Liverpool Biennial back for its 20th birthday

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Liverpool Biennial logo. pic © Tom Sutton / JMU Journalism

The Liverpool Biennial, the UK’s largest contemporary art festival, will mark its 20th anniversary this year with its 10th edition, under the title ‘Beautiful World, Where Are You?

Running from July 14th to October 28th, 18 the festival will feature 40 artists from 22 countries, over 15 sites.

The programme invites artists and the audience to reflect on our world, and the social, political and economic turmoil taking place across the city, as the exhibition invites those attending to explore Liverpool’s rich history.

Some of the venues to be featured are Bluecoat, FACT, RIBA North, Tate Liverpool, The Playhouse, LJMU’s very own Exhibition Research Lab located within the John Lenon Art and Design Building, and several public spaces across the city.

Kitty Scott, Curator of the Liverpool Biennial, told JMU Journalism: “As with any opportunity to show art from around the world, it really gives us so much global perspective of what else is happening through an artist’s lens in a time of true turmoil and evil happening throughout our world.”

YouTube: Tom Sutton

Organisers aims to highlight the great uncertainty that we face in our world right now, and use historical subjects from within many Liverpool archives to do so, including works from LJMU’s exhibition research lab.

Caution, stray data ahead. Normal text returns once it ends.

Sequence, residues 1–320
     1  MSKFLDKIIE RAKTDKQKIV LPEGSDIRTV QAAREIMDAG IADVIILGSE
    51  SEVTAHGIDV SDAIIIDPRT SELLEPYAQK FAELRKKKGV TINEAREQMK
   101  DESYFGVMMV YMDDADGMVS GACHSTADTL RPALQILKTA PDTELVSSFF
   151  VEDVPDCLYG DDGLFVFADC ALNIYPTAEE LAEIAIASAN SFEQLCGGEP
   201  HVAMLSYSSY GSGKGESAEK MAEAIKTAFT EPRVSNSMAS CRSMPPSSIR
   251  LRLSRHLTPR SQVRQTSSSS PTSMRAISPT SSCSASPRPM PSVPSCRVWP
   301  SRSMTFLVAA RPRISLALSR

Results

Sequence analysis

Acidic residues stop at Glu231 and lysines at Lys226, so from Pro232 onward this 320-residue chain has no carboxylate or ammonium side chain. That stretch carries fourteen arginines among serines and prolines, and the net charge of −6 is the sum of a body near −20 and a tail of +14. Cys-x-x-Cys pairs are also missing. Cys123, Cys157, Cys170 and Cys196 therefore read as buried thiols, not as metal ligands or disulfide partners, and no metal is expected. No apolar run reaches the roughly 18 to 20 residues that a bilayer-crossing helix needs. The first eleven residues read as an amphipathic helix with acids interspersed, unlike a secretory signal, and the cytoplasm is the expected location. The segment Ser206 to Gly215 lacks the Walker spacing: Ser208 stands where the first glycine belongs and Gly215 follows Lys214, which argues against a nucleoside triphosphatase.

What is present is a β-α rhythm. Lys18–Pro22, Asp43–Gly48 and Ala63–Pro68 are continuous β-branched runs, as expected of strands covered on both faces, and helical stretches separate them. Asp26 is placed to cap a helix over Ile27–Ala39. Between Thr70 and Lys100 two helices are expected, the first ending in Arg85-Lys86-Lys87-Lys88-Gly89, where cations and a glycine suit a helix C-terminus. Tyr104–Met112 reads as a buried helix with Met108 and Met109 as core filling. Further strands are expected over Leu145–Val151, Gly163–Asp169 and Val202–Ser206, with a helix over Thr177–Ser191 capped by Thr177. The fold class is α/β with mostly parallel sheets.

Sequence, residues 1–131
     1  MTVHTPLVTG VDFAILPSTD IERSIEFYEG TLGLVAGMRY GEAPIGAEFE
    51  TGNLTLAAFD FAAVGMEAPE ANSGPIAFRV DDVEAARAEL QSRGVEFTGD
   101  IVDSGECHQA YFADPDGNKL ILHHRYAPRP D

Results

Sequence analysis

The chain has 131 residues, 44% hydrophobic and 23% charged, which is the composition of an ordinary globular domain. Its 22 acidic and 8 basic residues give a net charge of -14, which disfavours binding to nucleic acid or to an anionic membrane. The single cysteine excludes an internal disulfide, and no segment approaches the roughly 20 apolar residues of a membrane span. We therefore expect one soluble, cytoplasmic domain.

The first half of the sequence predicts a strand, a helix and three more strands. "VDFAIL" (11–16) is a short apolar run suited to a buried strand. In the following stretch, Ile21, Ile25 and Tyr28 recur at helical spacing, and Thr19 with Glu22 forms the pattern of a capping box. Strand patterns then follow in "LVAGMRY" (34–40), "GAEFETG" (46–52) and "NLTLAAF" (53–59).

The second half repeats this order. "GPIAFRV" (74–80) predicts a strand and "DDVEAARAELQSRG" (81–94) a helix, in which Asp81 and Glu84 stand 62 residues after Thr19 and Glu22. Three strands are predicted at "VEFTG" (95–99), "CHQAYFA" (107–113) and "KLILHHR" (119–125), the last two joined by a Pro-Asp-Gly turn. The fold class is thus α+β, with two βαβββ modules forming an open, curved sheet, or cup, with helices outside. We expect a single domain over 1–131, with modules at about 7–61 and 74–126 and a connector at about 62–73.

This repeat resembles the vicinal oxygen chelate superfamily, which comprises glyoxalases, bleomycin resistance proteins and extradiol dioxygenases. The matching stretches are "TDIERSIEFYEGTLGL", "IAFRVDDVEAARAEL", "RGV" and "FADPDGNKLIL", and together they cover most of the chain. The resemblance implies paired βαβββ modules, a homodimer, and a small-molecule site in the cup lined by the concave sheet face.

Kitty added: “To bring this to somewhere like the LJMU John Lennon building is remarkable. It’s brought the city so much, and it’s great to reflect on how much Liverpool has to offer and the great works of art and spaces here in the city.”

The 2018 Biennial will mark the commission of over 500 works over the 20 years, and a total generation of £126 Million.

This year’s festival will again feature the John Moores painting prize in its 60th year, as the Walker Art Gallery will host the contest where an esteemed panel of jurors have already narrowed down more than 2,700 entries to 258 artworks. The winner will be announced on Tuesday April 24th.

Twitter: Biennial

About Thomas Sutton, JMU Journalism